Northern Prairie Wildlife Research Center
Only our southeasternmost counties are home to the stately tall blazing star. Nearly restricted to the tallgrass prairie biome, the species ranges from North Dakota east to Wisconsin, south to Kentucky and Louisiana and west to Texas and central Nebraska.
This stiff, single-stemmed perennial arises from a woody, egg-sized corm, and can stand nearly five feet tall. In our area, plants are usualy about three feet tall. The upper half of the plant is covered with stiff hairs. Leaves are numerous and linear; those near the base can be well over a foot long, whereas those just below the flowering spike are usually about an inch long. Flowering spikes can be up to a foot long and are crowded with hundreds of bright pinkish-purple flower heads about 1/4-inch wide. At maturity, each head can contain up to a dozen achenes (seeds) equipped with long, barbellate bristles.
Look for tall blazing star in late August or September in remnant areas of tallgrass prairie in the Red River Valley that have somehow escaped the plow. These remnants are usually found along railroad tracks or old highways. Many plants can be seen across the river at Buffalo River State Park, Minnesota, where prescribed burns maintain vigorous growing conditions, discourage introduced weeds, and prevent invasion by woody plants. This showy plant is often cultivated. Vegetal remains of tall blazing star were noted as artifacts of the Ozark bluff-dwelling Amerindians, but archaeologists could not determine what uses were made of these plants. Amerindians from near St. Louis used the plant, there called "pine of the prairies," to cure gonorrhoea. The Osage, prior to eating the starchy roots of some other members of the genus Liatris, also called "gayfeathers" or "button snakeroots," stored them until the starches changed to sugars. Other plants in the genus were important medicines.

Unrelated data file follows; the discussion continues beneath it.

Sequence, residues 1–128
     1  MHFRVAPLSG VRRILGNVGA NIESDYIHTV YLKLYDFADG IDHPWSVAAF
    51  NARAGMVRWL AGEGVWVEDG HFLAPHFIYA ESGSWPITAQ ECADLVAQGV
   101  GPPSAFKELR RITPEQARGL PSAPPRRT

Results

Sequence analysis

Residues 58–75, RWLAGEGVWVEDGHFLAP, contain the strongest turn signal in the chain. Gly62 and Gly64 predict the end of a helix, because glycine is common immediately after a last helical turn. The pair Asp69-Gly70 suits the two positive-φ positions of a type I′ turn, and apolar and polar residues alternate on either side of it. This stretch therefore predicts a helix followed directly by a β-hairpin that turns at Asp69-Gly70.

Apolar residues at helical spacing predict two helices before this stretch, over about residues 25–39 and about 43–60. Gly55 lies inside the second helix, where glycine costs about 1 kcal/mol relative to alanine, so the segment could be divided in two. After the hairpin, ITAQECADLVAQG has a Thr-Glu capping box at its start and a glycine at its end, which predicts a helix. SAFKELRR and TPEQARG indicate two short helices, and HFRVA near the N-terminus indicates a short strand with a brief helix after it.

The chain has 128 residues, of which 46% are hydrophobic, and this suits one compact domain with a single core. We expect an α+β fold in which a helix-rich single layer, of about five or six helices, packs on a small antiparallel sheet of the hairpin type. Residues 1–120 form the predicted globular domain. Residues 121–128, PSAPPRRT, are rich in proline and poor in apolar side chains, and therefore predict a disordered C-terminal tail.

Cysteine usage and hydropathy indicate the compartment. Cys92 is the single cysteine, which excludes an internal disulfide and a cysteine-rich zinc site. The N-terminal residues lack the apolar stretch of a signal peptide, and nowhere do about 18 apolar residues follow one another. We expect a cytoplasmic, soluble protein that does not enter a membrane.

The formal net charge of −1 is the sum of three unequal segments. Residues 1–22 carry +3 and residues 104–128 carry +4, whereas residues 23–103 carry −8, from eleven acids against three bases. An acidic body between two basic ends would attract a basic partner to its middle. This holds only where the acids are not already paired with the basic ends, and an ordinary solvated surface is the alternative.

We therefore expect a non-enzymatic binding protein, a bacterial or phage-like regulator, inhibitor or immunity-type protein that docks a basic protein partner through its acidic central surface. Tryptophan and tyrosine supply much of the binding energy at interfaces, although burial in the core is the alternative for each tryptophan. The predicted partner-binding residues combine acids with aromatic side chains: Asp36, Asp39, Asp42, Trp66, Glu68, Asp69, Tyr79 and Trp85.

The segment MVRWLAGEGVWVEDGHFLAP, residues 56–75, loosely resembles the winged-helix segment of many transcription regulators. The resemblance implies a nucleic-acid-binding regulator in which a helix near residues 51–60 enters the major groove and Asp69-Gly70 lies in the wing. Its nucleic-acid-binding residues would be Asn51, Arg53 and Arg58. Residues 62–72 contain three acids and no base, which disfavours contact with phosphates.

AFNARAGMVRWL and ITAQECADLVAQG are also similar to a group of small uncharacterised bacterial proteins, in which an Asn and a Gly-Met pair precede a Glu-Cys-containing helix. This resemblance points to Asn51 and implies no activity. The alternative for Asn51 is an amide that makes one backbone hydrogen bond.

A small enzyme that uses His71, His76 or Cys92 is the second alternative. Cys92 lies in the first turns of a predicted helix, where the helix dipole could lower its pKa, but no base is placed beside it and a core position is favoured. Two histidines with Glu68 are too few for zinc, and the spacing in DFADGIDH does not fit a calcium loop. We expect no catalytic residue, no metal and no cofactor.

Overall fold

Tall blazing star is a member of the sunflower family (Asteraceae), one of the largest plant families in the world and the largest in North Dakota. There are about 30 species of Liatris; all are found in temperate North America from the Atlantic Ocean to the Rocky Mountains. The derivation of the generic name is unknown. The specific epithet pycnostachya means "with crowded spike" in botanical Latin. Tall blazing star was first described for science by the famous French botanist and explorer of North America Andre Michaux (1746-1802). In 1792, Michaux was unsuccessfully nominated by Thomas Jefferson to accompany Meriwether Lewis on a proposed expedition to explore the wilderness that lay west of the Mississippi River.